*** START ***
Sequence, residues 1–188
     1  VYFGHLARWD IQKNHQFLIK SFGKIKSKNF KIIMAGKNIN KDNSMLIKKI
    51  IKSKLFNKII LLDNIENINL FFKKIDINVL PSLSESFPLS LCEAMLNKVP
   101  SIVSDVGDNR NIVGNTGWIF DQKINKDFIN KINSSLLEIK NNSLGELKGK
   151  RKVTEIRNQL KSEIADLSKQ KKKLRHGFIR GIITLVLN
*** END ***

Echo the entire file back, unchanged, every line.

Sequence, residues 1–188
     1  VYFGHLARWD IQKNHQFLIK SFGKIKSKNF KIIMAGKNIN KDNSMLIKKI
    51  IKSKLFNKII LLDNIENINL FFKKIDINVL PSLSESFPLS LCEAMLNKVP
   101  SIVSDVGDNR NIVGNTGWIF DQKINKDFIN KINSSLLEIK NNSLGELKGK
   151  RKVTEIRNQL KSEIADLSKQ KKKLRHGFIR GIITLVLN